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National Defense Bill Passes With Schatz Language To Improve The Red Hill Facility, Provide Hawai‘i More Flexibility For Military Construction, And Measure China’s Influence In The Pacific

Defense Bill Includes More Than $300 Million for Military Construction in Hawai‘i

WASHINGTON – Today, the U.S. Senate passed the National Defense Authorization Act (NDAA) conference report, comprehensive legislation that authorizes defense funding for Fiscal Year 2018. U.S. Senator Brian Schatz (D-Hawai‘i) helped secure Hawai‘i priorities and worked to include provisions he authored that will improve the Red Hill facility, give Hawai‘i and states across the country more flexibility in funding for military construction, and fund a study to assess China’s influence in the Freely Associated States and the Pacific.

“This bill, and my provisions in it, reflect our state’s importance to the greater U.S. rebalance to the Asia Pacific by addressing key military needs in Hawai‘i while also funding initiatives that will improve our communities and support our local economy,” said Senator Schatz.

The Schatz provisions are focused on:

Strengthening Oversight of the Red Hill Bulk Fuel Storage Facility
The NDAA conference report includes language which directs the Department of Defense (DoD) to ensure the annual budget justification materials submitted to Congress includes a description of how the DoD will request and use funds to support any deliverables that the parties of the September 2015 Administrative Order on Consent/Statement of Work that the Navy and DLA entered with the EPA and State of Hawai‘i’s Department of Health agree are necessary to ensure the continued safe operation of the Red Hill Bulk Fuel Storage Facility and prevent future fuel leaks into the environment, as written in Senator Schatz’s “Red Hill Oversight and Environmental Protection Act of 2017.”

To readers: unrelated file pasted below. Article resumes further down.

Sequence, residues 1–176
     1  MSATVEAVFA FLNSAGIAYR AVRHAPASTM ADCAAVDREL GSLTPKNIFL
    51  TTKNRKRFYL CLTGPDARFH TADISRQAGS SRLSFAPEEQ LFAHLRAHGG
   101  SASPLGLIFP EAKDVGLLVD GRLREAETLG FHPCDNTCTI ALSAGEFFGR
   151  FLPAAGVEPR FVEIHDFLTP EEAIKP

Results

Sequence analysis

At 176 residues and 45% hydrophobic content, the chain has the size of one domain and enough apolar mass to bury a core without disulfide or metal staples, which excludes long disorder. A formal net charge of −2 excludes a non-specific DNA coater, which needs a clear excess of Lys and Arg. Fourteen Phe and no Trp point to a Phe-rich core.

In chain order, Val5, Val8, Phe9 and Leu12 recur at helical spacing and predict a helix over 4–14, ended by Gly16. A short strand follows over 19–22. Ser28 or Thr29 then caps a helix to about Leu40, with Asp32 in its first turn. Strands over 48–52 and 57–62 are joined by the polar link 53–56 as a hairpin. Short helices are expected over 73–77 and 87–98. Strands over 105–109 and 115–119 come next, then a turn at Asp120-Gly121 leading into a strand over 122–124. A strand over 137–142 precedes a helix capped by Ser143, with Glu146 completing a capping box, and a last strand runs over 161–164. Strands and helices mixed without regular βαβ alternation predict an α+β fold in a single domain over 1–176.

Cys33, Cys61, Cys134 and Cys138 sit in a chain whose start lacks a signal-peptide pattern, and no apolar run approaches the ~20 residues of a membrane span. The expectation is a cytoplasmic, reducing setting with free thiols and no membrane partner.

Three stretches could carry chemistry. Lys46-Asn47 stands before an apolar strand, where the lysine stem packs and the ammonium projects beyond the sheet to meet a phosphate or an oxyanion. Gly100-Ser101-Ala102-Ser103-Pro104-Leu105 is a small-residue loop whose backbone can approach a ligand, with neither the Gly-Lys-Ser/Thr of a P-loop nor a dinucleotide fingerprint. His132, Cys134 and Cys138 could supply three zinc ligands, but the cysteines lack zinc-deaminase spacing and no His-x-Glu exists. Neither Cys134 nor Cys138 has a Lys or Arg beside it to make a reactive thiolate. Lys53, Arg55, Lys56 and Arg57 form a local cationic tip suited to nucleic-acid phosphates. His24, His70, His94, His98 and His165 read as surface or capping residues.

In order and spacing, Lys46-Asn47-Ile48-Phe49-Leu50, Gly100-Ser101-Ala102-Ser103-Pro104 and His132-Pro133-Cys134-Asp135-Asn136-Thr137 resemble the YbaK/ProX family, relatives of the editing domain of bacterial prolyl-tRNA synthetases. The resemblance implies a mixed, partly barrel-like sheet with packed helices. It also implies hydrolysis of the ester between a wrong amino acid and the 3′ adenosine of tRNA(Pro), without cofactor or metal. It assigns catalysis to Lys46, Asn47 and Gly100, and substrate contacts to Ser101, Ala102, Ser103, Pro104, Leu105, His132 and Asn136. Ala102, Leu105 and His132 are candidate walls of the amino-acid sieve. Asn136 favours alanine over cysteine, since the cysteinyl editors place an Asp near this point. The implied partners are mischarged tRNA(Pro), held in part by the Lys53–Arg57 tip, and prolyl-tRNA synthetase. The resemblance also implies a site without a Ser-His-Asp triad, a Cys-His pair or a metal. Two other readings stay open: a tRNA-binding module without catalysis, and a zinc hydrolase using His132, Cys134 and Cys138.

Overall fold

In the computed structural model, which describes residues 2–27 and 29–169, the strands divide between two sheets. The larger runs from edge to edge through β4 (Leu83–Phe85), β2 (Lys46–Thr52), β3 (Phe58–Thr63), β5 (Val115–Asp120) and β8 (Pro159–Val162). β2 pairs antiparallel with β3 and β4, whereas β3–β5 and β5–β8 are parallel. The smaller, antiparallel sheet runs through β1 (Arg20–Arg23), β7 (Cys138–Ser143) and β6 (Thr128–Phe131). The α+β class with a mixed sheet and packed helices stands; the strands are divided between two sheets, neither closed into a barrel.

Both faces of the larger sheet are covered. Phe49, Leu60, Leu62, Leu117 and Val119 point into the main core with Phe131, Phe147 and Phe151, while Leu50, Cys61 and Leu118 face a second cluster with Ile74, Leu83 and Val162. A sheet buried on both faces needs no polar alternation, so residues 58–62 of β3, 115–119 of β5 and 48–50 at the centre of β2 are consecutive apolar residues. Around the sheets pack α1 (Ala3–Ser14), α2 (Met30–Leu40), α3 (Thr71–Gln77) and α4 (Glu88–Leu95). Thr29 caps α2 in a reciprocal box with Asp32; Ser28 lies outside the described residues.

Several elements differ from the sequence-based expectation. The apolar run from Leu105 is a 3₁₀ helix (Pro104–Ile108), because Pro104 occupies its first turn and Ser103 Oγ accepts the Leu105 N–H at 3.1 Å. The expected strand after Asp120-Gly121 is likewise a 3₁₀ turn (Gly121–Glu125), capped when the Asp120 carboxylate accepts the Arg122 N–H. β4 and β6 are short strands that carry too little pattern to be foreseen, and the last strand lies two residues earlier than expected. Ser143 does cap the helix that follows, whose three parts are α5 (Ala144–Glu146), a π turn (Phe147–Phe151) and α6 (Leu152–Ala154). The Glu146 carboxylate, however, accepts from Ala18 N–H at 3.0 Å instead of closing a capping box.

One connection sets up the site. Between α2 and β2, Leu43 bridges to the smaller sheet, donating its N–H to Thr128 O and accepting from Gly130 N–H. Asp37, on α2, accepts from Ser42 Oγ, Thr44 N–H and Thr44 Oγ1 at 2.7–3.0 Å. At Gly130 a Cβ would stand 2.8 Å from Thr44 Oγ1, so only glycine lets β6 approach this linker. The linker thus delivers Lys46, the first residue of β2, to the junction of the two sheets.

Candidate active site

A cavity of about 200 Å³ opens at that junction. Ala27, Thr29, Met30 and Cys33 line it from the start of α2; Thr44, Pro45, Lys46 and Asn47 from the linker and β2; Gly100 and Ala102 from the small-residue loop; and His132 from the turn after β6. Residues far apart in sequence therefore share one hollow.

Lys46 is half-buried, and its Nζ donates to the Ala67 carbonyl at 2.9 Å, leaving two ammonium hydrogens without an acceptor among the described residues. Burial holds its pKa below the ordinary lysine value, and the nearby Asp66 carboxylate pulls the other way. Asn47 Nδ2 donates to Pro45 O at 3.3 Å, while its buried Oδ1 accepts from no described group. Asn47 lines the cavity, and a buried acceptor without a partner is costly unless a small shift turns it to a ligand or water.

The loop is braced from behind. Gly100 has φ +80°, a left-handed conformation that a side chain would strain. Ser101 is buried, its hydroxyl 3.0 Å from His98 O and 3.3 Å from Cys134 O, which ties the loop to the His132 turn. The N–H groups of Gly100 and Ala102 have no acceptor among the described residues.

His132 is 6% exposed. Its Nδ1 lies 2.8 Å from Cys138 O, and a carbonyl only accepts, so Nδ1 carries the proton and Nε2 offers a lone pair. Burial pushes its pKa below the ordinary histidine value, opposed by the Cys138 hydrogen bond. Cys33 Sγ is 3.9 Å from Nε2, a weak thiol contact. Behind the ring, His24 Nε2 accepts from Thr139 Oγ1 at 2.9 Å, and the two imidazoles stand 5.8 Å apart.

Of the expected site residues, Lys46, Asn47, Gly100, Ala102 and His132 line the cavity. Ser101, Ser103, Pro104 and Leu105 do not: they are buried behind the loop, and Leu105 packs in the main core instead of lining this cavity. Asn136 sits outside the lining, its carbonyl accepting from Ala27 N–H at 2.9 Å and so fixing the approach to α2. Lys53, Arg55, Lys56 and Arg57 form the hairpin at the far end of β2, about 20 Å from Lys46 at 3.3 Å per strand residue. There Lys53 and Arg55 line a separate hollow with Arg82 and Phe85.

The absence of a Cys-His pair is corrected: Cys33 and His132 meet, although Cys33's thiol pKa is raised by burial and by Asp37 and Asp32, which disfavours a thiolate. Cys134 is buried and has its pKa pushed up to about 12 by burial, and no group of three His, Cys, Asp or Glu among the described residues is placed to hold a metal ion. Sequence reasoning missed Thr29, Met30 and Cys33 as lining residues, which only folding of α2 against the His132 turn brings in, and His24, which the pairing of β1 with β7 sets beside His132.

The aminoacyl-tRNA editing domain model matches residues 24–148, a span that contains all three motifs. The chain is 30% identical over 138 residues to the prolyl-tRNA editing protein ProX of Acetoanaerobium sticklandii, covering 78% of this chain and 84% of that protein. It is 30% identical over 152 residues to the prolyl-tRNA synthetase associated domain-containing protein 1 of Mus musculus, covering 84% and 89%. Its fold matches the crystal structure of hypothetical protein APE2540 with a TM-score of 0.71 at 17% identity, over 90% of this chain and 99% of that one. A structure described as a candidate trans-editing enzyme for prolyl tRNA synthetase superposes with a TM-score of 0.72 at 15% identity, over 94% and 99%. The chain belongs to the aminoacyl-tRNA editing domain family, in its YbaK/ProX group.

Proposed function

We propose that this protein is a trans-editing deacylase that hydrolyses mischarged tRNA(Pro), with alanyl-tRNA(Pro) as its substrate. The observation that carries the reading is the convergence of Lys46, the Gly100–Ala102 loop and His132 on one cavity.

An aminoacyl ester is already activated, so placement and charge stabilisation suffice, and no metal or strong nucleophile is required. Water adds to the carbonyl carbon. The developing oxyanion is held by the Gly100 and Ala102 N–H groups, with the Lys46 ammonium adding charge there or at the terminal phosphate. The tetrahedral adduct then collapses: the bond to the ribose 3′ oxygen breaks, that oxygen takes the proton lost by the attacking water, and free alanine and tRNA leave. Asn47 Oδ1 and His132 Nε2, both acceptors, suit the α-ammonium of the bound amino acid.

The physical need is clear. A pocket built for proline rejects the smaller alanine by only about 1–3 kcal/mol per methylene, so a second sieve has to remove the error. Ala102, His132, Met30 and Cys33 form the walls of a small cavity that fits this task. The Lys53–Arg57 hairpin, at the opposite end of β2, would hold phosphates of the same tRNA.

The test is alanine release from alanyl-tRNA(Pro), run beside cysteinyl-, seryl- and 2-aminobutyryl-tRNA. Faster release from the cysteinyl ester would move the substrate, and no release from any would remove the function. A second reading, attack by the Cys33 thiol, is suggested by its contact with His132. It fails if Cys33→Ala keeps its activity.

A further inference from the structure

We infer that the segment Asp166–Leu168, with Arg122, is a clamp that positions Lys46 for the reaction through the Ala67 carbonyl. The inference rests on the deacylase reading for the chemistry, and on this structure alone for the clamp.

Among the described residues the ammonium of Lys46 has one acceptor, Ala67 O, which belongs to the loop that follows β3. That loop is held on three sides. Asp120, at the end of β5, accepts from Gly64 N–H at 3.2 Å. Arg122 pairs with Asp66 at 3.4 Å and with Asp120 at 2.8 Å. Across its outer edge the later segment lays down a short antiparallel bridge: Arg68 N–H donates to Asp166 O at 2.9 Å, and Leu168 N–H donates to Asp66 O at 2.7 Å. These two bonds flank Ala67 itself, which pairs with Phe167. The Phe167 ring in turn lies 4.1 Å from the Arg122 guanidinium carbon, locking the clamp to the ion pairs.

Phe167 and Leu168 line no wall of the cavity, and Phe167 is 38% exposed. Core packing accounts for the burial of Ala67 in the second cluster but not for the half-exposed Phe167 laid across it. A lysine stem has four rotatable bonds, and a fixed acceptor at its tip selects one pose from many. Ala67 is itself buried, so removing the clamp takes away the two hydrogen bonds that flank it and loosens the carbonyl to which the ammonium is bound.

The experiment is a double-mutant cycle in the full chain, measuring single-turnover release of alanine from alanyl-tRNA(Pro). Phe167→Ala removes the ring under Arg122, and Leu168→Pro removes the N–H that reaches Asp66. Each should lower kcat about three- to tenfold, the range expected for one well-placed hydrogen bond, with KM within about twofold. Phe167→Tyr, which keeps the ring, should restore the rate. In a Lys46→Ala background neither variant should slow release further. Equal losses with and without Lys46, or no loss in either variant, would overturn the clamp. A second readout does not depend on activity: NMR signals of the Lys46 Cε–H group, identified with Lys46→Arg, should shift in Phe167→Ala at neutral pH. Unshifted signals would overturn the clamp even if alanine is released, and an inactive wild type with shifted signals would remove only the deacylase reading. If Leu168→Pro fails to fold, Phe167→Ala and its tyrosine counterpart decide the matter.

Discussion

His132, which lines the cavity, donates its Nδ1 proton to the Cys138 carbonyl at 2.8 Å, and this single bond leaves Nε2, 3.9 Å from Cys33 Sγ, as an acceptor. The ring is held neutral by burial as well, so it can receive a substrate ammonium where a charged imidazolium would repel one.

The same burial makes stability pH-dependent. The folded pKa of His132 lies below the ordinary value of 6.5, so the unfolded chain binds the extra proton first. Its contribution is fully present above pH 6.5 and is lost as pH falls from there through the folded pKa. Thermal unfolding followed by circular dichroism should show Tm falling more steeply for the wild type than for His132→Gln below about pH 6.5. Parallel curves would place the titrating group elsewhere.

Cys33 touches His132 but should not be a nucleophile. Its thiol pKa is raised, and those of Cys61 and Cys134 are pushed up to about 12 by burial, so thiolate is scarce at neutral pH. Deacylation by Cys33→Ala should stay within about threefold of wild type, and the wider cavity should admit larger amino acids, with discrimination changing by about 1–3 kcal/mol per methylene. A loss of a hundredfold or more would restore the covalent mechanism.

Authorizing greater flexibility for military construction in Hawai‘i
Senator Schatz secured a bipartisan provision in the NDAA that authorizes the secretaries of the military services to adjust the unspecified minor military construction threshold for projects based on the area cost factor of the state—allowing states such as Hawai‘i that are constrained by high area costs to exceed the current limits allowed under current law. This practical change gives the military in Hawai‘i greater flexibility to improve facilities and develop minor projects that, because of the high cost of construction in Hawai‘i, would otherwise be forced through the formal, multi-year DoD military construction planning process.

Assessing China’s influence in the Western Pacific
Senator Schatz secured a provision in the NDAA directing the DoD to contract with an independent organization to study U.S. security and foreign policy interests in the Freely Associated States of Palau, the Marshall Islands, and the Federated States of Micronesia, and to assess China’s influence in these states and how that influence is affecting America’s defense and foreign policy interests.

Authorized funding for Hawai‘i includes:

  • $10.4 million for Maui space surveillance system;
  • $90 million for Fort Shafter’s Command and Control Facility; 
  • $73.2 million for the Joint Base Pearl Harbor-Hickam’s sewer lift station;
  • $65.9 million for the Navy’s communications facility in Wahiawa;
  • $19 million for the Navy’s MV-22 landing pad;
  • $5.5 million for Joint Base Pearl Harbor-Hickam’s consolidated training facility;
  • $5 million for Wahiawa’s Kunia Tunnel Entrance;
  • $26.5 million for Marine Corps Base Hawai‘i’s Mokapu Gate; and
  • $25 million for the Army’s Pohakuloa Training Area.